Exhibition preview: A Soldier's Tale, Asia House, London, July 8–20 2013
If the 60th anniversary of Ceasefire in the Korean War is notable, there is a particularly British reason why this show, featuring 19 works by 15 artists, is timely: it’s 130 years since the UK and Korea instigated diplomatic relations, already marked by a lunar show at the Korea Cultural Institute this summer.
© Yongho Kim
The aim is to redress some of the perceived lack of attention afforded to veterans of what was a bloody international conflict. And in the context of the current tensions between Korea and the west, 30 photos of the Demilitarised Zone – known as the DMZ – resonate.
One of the veterans, David Kamsler, is the subject of a remodelled opening room by Soonhak Kwon, where memorabilia covers a wall alongside a painting, by Anna Paik, portraying a figure bereft of any remaining family.
Memory and memorials feature heavily: Leenam Lee, Suknam Yoon and Jiho Won recreate waterfalls, carve hundreds of shamanistic wooden figures and a black carpet channelling the lines of 750 coffins. And in an installation of 750 bright red plastic flowers, Jeong Hwa Choi’s sea of chrysanthemums – a funereal flower in the east – are reborn.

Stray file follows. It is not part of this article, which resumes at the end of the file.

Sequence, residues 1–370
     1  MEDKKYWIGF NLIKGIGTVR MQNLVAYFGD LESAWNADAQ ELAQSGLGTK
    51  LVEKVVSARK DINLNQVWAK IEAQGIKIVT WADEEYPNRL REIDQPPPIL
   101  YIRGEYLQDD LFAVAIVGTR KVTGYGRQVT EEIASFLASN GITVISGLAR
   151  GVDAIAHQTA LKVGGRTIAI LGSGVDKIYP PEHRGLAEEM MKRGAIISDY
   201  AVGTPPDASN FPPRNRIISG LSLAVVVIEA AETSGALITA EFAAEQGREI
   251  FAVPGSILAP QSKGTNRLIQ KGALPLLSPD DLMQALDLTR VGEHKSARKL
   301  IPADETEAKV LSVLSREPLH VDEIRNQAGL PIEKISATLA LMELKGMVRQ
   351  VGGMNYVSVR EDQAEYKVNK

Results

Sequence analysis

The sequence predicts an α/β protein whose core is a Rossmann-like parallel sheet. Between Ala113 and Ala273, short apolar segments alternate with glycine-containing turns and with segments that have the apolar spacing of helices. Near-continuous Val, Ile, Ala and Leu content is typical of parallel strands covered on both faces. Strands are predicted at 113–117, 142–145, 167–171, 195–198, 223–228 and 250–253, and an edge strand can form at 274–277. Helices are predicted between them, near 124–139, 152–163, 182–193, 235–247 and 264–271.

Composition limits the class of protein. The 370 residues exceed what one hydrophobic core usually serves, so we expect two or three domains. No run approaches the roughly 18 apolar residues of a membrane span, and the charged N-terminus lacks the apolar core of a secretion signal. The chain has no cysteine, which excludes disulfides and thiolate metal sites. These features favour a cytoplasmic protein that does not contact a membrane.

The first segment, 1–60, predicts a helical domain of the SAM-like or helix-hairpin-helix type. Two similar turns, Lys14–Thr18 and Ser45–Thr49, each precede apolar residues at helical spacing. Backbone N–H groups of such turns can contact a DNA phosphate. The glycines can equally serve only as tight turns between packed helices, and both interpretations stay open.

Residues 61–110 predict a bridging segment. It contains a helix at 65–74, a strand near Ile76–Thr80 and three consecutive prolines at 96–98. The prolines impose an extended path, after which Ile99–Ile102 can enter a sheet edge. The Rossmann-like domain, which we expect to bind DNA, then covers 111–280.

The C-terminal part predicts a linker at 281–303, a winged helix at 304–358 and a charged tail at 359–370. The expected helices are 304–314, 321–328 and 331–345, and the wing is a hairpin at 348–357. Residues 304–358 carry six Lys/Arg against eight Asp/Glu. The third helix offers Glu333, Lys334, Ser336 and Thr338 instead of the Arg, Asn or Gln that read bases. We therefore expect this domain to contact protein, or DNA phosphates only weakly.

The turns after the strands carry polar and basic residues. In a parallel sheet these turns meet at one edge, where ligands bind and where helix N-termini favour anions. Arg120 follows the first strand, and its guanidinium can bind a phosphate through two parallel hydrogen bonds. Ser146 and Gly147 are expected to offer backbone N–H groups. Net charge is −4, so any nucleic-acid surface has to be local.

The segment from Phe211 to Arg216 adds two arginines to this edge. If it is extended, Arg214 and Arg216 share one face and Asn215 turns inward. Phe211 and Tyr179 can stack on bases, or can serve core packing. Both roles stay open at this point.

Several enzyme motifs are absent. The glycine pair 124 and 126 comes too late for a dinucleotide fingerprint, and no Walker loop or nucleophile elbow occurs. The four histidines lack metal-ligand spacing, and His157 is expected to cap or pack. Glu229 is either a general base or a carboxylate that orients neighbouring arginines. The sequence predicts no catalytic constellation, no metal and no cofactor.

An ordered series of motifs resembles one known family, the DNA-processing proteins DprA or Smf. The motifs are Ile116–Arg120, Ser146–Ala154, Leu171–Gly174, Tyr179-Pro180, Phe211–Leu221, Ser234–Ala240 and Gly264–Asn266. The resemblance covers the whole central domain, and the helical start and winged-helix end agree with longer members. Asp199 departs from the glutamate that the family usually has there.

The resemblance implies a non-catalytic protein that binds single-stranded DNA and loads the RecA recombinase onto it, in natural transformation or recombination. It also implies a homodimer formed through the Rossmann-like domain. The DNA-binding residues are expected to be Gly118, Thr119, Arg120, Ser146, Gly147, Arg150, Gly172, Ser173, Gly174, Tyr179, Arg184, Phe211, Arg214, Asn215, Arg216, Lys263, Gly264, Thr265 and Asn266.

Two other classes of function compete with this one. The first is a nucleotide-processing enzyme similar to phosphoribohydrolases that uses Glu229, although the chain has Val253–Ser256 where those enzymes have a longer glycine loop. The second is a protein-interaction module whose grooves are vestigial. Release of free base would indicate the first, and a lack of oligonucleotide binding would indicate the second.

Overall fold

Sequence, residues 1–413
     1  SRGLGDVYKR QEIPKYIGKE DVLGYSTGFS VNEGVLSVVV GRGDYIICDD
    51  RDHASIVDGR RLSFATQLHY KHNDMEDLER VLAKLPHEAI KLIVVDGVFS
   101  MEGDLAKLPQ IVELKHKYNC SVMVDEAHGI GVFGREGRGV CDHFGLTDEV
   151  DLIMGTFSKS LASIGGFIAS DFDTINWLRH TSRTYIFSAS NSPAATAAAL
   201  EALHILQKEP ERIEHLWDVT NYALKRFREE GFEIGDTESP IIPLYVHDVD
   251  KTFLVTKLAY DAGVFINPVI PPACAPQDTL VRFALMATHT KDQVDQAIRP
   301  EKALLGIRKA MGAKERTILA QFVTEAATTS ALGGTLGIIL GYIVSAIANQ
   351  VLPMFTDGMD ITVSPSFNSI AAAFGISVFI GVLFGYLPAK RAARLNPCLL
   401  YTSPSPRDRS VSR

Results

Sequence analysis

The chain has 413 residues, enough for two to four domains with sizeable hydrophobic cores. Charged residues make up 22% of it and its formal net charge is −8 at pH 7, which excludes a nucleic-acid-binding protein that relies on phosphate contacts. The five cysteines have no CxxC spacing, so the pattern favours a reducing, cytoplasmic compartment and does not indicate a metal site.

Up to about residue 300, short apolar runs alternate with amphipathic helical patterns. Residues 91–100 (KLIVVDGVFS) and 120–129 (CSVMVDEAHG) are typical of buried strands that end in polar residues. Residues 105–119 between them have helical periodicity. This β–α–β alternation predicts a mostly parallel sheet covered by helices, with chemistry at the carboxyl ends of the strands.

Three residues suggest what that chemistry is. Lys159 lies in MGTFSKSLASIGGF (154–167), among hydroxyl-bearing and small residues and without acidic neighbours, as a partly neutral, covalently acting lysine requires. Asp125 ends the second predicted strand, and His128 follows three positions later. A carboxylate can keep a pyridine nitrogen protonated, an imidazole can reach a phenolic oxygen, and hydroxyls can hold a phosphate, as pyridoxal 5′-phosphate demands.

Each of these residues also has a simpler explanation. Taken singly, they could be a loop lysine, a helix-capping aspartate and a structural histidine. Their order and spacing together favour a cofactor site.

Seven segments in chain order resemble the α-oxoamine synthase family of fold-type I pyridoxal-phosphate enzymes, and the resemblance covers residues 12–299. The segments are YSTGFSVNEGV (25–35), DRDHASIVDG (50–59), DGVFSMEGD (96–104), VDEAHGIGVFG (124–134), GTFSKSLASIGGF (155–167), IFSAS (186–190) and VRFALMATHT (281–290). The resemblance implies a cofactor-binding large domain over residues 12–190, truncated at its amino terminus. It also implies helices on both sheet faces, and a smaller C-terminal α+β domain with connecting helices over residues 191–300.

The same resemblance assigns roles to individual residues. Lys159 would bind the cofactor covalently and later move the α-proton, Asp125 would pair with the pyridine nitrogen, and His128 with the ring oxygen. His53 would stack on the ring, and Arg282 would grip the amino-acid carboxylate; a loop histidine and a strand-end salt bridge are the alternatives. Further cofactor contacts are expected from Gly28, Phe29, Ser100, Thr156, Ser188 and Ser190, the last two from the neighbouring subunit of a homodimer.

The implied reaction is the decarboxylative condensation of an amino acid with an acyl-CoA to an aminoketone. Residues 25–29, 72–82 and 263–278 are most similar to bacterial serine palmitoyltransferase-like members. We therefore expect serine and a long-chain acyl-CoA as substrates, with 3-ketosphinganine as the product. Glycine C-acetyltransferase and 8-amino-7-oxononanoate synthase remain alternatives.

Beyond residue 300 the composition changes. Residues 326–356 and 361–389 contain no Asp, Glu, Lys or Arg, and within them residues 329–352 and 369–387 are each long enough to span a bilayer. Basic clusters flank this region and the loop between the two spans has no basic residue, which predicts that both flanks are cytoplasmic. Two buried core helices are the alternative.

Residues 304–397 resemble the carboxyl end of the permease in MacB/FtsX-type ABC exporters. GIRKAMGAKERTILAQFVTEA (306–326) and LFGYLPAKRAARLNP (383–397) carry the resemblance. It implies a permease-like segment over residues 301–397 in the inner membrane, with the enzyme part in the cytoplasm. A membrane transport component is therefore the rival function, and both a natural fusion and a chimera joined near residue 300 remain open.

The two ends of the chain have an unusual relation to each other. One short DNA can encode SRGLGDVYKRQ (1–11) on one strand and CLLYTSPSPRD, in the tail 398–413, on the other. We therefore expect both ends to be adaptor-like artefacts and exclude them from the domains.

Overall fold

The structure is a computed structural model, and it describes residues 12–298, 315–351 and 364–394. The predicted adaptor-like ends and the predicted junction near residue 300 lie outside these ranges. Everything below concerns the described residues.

At the start of the third section, The Enduring War, Yongbaek Lee’s video projection, Angel-Soldier is a flowery, camouflaged reflection on national army service in South Korea from the country’s representative at the Venice Biennale two years ago.
Another video, The Marines who Didn’t Come Home, is part of a three-channel video screen by Taeeun Kim, made in 1963.
Elsewhere, one of the post-war generation artists, Seungah Paik, paints a large mural of herself striking the meditational poses of Buddha, and Woody Kim places burnt candles on a chandelier to question the meaning of loss and lost causes.
- Open 9am-6pm (closed Sunday). Follow the House on Twitter @asiahouseuk.
© Anna Paik
© Woody Kim
© Tae Eun Kim
© Shan Hur
© Jeong Hwa Choi